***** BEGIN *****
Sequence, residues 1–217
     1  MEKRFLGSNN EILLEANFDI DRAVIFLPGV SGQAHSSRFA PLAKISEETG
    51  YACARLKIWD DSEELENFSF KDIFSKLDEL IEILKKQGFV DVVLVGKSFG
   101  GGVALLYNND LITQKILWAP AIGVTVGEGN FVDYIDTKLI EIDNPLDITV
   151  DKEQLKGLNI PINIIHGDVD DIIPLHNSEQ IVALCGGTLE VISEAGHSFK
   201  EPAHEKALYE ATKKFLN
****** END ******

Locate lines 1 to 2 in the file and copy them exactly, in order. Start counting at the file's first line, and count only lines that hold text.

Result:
Sequence, residues 1–217
     1  MEKRFLGSNN EILLEANFDI DRAVIFLPGV SGQAHSSRFA PLAKISEETG